When you are an MEP, you represent the citizens of Europe. Now, I see far too much influence here from big business and arms lobbies. I see MEPs who are clearly here to ride the gravy train or care for their own areas, but they do not see themselves as legislating for Europe. Any elected position that I was ever in, I saw as a platform to organize from. I do not believe in politicians changing things, I believe that people change things and politicians respond. And my job is to use the platform that I am privileged to have to give people the confidence they need to change things for themselves.
According to the Irish MEP “the Eastern countries were taken into the European Union very quickly, in many ways the Western European establishment did this as a buffer against Russia. The wealthy in those countries, many of whom came from the old communist regimes benefitting from the sales of state assets, have quickly assumed a new role and took to all the perks of the European money. The citizens of these countries are a nice pool of cheap labor for the Western business and the West is happy to play along.”
Daly thinks it is great that Bulgarians are finally beginning to show themselves. “It is very interesting, looking at the politics of it here, because it is not the same left-right divide we are used to”, she states and I immediately ask what she means by that. “It seems to me that everyone is corrupt across the spectrum”, she retorts. For her the demand for the rule of law is only heard when the rules apply to the political adversary. She says this needs to change, that concrete rules are needed, which would apply equally to everyone.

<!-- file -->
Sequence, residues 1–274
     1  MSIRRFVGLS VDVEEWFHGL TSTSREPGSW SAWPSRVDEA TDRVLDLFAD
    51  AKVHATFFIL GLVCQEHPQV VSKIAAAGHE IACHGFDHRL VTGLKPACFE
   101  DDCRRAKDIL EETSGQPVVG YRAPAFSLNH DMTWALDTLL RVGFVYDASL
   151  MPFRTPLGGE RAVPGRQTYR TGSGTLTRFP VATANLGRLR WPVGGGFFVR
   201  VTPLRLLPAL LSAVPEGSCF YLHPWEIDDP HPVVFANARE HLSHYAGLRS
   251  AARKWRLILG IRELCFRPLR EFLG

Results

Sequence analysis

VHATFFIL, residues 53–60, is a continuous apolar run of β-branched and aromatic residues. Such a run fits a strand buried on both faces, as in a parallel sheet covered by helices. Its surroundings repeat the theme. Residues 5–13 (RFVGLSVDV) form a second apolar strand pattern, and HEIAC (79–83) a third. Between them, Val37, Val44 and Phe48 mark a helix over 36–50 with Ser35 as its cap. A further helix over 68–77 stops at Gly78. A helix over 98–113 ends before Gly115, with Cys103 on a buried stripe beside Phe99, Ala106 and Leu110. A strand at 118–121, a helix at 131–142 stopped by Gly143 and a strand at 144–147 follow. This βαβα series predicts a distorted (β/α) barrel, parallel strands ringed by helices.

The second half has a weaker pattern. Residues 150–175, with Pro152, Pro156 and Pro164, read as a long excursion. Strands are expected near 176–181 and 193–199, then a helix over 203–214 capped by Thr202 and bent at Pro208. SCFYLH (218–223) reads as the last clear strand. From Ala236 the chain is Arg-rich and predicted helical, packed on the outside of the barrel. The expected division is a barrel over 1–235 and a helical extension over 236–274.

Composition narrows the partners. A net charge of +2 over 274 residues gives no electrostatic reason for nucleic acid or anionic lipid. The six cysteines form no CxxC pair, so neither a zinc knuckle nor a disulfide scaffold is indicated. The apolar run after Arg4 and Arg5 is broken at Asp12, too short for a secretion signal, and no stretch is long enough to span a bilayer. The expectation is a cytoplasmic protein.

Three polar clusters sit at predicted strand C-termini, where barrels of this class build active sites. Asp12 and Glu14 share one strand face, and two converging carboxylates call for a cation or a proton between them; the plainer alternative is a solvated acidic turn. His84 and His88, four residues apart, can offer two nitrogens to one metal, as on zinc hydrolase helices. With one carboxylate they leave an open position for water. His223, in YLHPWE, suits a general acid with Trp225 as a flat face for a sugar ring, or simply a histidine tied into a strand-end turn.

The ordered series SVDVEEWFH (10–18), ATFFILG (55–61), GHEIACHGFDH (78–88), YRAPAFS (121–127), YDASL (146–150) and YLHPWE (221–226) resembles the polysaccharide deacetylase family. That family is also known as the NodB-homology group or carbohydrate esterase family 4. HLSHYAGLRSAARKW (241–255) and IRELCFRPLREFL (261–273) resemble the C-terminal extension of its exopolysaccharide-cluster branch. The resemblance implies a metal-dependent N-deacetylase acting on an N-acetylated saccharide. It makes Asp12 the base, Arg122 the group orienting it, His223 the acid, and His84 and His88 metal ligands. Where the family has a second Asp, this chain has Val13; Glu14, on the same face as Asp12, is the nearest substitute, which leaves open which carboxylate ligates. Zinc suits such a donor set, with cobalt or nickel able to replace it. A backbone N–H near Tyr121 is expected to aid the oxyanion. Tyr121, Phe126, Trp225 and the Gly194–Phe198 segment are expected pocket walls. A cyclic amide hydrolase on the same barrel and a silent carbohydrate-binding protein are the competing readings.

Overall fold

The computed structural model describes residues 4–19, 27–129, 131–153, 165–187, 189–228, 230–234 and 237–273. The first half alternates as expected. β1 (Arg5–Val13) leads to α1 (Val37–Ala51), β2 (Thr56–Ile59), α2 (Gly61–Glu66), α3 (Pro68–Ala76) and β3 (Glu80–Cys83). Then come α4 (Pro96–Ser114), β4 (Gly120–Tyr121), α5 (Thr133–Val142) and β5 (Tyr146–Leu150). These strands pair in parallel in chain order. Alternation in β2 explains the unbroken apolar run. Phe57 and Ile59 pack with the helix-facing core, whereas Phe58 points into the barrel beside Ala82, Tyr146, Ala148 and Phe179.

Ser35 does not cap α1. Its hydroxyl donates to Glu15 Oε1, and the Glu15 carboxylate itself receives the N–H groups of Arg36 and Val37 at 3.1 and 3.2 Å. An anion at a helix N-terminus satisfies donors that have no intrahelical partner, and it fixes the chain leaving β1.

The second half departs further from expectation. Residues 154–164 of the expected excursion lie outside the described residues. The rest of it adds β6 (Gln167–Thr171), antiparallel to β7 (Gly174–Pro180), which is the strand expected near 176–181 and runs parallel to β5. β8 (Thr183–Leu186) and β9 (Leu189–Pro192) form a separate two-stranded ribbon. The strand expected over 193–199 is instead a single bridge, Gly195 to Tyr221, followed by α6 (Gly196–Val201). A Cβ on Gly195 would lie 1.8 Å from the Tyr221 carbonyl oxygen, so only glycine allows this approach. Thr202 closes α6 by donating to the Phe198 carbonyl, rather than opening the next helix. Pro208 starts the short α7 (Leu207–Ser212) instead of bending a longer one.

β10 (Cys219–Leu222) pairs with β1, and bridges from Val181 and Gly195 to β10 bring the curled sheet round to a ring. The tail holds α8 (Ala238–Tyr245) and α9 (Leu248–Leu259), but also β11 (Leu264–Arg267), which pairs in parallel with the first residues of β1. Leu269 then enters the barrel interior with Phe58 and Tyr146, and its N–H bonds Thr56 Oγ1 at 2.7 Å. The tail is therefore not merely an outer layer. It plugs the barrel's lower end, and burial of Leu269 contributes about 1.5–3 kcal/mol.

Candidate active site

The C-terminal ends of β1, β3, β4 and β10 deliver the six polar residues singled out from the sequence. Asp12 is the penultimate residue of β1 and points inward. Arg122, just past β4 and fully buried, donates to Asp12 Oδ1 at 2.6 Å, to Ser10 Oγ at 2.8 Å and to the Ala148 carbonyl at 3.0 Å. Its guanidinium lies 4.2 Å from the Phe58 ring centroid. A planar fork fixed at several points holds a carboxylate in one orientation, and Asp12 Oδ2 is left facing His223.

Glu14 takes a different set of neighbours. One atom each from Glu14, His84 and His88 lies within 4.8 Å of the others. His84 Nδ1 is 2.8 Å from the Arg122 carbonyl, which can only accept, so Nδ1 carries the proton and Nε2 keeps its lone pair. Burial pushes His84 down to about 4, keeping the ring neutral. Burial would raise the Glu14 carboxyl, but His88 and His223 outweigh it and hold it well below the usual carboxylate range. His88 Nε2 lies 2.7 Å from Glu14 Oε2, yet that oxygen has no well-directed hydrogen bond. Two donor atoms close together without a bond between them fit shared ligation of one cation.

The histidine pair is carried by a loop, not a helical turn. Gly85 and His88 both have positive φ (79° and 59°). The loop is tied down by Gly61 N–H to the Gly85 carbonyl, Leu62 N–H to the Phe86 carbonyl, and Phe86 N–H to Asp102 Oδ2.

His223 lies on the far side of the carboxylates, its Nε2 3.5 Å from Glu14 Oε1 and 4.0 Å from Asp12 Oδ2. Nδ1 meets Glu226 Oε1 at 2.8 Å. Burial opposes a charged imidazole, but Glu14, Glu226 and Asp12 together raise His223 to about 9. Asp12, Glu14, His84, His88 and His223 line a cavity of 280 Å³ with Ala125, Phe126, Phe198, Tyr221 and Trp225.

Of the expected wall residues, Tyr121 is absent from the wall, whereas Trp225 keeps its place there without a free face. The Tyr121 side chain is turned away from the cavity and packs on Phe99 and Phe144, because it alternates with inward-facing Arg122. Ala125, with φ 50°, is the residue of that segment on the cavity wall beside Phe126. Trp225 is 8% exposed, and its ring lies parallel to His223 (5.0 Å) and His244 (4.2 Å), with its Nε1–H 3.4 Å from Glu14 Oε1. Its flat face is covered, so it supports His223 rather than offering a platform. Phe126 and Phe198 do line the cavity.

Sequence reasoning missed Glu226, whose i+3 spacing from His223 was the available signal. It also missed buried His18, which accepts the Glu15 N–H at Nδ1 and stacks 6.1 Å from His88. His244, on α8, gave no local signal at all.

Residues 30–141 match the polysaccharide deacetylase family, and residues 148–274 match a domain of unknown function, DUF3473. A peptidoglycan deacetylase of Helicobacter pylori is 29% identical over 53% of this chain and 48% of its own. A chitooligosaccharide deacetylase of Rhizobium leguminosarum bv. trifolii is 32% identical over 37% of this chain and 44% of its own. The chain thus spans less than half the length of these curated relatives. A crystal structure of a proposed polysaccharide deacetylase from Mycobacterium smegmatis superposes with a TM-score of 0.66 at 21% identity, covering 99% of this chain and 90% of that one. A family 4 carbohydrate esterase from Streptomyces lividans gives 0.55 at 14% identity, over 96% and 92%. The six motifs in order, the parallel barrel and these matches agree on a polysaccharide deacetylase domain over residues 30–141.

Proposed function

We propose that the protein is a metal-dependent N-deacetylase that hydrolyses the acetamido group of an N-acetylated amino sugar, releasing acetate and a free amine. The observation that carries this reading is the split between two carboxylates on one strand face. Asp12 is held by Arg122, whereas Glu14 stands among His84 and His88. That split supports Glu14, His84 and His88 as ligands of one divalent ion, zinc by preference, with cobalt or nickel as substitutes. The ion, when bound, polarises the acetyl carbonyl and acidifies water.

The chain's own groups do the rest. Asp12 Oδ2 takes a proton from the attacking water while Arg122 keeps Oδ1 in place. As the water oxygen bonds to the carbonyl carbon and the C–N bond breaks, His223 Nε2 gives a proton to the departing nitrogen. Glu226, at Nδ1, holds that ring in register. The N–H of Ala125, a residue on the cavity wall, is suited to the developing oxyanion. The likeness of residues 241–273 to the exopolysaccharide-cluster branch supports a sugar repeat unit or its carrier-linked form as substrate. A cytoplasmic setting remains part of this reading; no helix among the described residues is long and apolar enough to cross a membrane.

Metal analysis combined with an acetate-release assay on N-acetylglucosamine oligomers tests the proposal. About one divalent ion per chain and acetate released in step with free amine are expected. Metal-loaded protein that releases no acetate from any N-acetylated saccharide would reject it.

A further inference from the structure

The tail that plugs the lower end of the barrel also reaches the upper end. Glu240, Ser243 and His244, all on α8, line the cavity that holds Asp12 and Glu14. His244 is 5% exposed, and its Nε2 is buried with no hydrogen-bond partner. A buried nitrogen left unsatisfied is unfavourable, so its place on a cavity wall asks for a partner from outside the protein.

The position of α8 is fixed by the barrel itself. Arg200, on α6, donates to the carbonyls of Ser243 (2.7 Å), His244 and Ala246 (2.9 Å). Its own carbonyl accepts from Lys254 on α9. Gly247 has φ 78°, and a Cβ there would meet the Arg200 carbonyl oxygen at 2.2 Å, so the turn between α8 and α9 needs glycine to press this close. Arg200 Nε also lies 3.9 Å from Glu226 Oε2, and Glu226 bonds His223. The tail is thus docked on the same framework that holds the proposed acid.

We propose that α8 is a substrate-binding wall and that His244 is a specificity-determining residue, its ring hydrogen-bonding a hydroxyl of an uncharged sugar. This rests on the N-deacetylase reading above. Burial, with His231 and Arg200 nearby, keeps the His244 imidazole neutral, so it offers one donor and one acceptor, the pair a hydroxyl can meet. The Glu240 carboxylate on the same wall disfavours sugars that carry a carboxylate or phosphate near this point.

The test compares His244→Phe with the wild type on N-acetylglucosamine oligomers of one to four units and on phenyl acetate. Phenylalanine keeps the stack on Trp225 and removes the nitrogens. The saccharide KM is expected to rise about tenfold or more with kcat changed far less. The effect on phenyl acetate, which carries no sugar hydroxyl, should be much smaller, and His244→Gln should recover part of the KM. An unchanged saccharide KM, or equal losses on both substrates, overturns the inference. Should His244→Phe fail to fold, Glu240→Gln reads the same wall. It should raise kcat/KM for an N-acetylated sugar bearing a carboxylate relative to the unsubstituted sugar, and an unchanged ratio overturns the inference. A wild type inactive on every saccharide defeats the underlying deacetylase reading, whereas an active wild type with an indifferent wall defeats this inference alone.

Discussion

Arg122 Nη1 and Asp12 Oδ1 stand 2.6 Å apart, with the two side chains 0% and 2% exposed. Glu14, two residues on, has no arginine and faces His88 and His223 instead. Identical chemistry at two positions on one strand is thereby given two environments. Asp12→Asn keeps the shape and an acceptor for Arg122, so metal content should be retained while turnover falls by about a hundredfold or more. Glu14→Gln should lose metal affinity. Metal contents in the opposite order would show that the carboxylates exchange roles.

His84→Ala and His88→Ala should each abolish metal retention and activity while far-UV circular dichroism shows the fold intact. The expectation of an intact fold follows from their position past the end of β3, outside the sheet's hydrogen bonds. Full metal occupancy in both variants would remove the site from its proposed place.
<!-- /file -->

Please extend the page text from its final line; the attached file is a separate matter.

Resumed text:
I cannot help but point out to her that she is painting a pretty dark picture of the European Union. With the rise of populism and Euroscepticism, I ask her a question mulled by many all across Europe: Why do we even need the EU?
This is a question that a lot of Italian people were asking when they were left alone at the beginning of COVID-19; this is a question that a lot of Irish people asked during the financial crisis, when Irish single parents had to pay for Munich stockholders’ losses. That is one of the reasons behind Brexit: it is not that they are all just little English racists but a lot of the people who voted for Brexit were working class people, who had previously supported Labour and felt they were let down. The problem right now is that the European Union is built to advance the interests of business. We tell the story about coming together after the war – and that was it at the start – but it has now become a big business project for the advancement of the financial interests for different industries. The citizens are being left behind.